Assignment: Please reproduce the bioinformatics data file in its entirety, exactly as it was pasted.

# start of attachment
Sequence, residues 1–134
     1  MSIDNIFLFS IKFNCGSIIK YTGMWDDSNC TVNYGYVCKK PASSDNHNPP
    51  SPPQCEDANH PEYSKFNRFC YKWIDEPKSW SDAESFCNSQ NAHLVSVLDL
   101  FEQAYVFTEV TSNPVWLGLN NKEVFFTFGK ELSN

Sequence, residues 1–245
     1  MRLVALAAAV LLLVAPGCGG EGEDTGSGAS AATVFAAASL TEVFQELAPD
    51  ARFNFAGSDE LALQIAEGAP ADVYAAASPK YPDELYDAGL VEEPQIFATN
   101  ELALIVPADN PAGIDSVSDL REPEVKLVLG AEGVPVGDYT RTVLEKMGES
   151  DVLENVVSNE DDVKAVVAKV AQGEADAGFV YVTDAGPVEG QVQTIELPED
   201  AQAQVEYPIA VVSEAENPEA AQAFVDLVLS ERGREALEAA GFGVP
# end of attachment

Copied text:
Sequence, residues 1–134
     1  MSIDNIFLFS IKFNCGSIIK YTGMWDDSNC TVNYGYVCKK PASSDNHNPP
    51  SPPQCEDANH PEYSKFNRFC YKWIDEPKSW SDAESFCNSQ NAHLVSVLDL
   101  FEQAYVFTEV TSNPVWLGLN NKEVFFTFGK ELSN

Sequence, residues 1–245
     1  MRLVALAAAV LLLVAPGCGG EGEDTGSGAS AATVFAAASL TEVFQELAPD
    51  ARFNFAGSDE LALQIAEGAP ADVYAAASPK YPDELYDAGL VEEPQIFATN
   101  ELALIVPADN PAGIDSVSDL REPEVKLVLG AEGVPVGDYT RTVLEKMGES
   151  DVLENVVSNE DDVKAVVAKV AQGEADAGFV YVTDAGPVEG QVQTIELPED
   201  AQAQVEYPIA VVSEAENPEA AQAFVDLVLS ERGREALEAA GFGVP